Voluntary Action Of A Firm On Enviroment Management: An Empirical Assessment On Sri Lankan Food Processing Firms’ Response To The Private And Regulatory Incentives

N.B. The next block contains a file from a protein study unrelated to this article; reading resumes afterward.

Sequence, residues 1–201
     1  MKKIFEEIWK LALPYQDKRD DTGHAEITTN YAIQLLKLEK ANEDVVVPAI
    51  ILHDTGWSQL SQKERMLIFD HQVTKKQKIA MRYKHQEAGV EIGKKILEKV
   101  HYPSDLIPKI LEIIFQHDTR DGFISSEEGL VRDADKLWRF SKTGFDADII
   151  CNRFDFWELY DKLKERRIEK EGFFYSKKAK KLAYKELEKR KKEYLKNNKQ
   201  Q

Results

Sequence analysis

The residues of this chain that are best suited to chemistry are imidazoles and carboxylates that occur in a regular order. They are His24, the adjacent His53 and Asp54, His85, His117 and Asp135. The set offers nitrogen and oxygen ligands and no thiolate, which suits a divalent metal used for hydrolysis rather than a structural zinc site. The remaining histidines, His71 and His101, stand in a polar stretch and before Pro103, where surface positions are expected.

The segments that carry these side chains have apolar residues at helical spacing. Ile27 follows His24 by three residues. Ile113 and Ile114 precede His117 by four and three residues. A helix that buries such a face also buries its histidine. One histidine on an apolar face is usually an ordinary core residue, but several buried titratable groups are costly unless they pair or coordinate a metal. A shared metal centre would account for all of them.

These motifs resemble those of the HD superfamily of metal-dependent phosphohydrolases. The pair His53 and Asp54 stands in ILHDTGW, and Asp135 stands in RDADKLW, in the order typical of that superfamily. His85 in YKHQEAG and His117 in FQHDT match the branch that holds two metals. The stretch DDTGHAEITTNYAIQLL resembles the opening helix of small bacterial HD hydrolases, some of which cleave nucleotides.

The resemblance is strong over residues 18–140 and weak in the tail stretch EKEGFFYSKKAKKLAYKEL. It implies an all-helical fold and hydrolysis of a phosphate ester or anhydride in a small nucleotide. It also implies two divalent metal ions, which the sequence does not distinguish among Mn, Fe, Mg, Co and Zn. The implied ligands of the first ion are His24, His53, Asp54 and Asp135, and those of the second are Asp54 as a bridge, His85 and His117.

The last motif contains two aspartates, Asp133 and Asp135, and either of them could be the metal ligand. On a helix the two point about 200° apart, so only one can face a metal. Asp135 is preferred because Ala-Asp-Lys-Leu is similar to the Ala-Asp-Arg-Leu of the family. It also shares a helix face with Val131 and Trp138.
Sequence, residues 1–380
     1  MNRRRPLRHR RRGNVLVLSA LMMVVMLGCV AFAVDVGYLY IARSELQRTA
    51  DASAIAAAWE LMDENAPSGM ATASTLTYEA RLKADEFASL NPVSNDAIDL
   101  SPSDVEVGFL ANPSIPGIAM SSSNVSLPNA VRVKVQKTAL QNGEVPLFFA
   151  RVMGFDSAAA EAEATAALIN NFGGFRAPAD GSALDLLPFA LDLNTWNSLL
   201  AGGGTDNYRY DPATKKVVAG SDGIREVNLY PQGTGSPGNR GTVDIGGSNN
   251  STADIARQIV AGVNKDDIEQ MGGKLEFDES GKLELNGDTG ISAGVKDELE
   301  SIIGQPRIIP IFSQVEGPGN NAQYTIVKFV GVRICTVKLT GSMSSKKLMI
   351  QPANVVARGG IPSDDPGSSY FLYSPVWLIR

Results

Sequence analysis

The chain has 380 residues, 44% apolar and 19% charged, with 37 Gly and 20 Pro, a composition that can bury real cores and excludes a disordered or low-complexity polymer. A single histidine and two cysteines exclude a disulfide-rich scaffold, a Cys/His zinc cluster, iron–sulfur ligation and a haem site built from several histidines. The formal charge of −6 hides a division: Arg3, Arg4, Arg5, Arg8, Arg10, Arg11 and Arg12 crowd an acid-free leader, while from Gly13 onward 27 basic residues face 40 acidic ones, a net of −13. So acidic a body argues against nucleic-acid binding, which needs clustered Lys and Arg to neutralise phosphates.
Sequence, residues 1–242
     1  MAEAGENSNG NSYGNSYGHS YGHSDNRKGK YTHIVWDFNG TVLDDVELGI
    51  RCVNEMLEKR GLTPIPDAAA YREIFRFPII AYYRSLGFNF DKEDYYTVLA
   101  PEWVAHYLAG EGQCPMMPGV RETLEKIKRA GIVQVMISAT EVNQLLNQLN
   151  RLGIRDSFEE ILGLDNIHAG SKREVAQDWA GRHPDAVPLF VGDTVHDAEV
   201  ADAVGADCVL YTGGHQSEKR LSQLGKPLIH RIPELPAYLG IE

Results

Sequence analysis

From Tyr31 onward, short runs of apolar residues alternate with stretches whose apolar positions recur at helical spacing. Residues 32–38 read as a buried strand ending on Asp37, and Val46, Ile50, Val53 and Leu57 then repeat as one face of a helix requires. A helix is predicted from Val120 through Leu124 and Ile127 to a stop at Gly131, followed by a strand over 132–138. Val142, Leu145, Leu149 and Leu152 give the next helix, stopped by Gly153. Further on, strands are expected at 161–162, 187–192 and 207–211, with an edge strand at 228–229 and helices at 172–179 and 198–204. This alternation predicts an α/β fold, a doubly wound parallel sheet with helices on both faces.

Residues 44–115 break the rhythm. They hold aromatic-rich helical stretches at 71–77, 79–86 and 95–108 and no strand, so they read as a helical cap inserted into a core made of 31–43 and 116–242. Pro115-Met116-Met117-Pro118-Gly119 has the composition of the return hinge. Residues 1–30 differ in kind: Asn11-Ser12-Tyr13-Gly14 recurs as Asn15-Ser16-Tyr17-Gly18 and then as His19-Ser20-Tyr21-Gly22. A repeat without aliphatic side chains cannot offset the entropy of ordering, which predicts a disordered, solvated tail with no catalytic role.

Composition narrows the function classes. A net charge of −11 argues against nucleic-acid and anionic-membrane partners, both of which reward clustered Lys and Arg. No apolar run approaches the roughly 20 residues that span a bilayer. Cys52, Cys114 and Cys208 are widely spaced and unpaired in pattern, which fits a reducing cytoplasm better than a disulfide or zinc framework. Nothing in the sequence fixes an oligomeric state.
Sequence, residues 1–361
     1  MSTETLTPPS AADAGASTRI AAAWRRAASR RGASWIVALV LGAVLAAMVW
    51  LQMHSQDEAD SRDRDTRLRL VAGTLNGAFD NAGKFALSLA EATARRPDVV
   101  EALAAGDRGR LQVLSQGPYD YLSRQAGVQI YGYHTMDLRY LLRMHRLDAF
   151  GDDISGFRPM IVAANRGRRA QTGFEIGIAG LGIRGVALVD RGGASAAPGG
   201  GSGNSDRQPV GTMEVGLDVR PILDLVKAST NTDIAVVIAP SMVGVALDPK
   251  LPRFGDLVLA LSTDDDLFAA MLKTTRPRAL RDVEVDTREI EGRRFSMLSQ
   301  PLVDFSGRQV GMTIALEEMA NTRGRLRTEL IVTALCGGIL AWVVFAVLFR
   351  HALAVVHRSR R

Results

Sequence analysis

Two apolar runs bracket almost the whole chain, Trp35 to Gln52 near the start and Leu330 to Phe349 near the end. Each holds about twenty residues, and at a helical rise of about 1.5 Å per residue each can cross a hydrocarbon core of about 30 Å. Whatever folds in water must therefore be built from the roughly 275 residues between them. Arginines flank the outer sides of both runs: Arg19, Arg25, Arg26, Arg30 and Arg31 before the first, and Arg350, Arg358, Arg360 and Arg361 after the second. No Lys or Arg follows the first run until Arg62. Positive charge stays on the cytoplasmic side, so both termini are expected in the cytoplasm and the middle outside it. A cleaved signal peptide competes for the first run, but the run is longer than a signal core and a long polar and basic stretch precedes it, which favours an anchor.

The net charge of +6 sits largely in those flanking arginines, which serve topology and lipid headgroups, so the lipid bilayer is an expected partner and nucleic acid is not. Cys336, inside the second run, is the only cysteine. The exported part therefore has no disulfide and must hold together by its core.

The effect of a set of private/market (i.e. financial implications, internal efficiency, market response) and public/non-market (i.e. government regulation, judiciary/legal system) incentives for a firm to act voluntarily on environmental quality is examined. It uses the levels of adoption of five solid waste management practices [SWMPs], namely: (1) 3R system; (2) Composting; (3) Good manufacturing practices; (4) Biogas unit, and (5) ISO 14000 by food processing sector in Sri Lanka in response to the prevalence of each incentive at the firm as the case. The data collected from 325 firms through in-depth interviews and site inspections and supported by a validated structured questionnaire were analyzed using the principles of Structural Equation Modeling. The “Analysis of Moment Structures” (AMOS) software was used to establish the relationships between the levels of adoption of SWMPs and the strength of each incentive. The results show that firms‟ response to environment is relatively low, i.e. 49.2% did not adopt a single practice, while only 28%, 12%, 7.4%, 3.1% and 0.3%, respectively, have adopted 1, 2, 3, 4 or all practices. Firms tend to adopt a higher number of SWMPs as the relative strength of an each incentive perceived by the decision maker of firm gets increases. Firms put a higher weight on the impact on regulation and legal system than the private incentives and the firm size has a substantial impact on its response to the environment. The results highlight the importance of bringing the current public regulatory regimes in developing countries like Sri Lanka towards co-regulation, which is practiced by developed countries like Australia and Canada to facilitate businesses to come up with own solutions for environmental and food quality, as the outcome of this analysis points out that firms‟ compliance to the recommended SWMP was not triggered satisfactorily by the private/voluntary action.
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